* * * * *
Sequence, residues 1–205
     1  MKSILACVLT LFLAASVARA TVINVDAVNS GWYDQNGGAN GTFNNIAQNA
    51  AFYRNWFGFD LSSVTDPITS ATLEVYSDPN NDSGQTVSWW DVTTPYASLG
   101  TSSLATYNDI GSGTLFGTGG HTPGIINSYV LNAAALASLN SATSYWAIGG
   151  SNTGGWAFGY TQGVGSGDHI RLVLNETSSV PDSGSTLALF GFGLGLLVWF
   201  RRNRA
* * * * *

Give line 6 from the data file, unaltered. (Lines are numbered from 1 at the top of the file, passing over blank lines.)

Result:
   201  RRNRA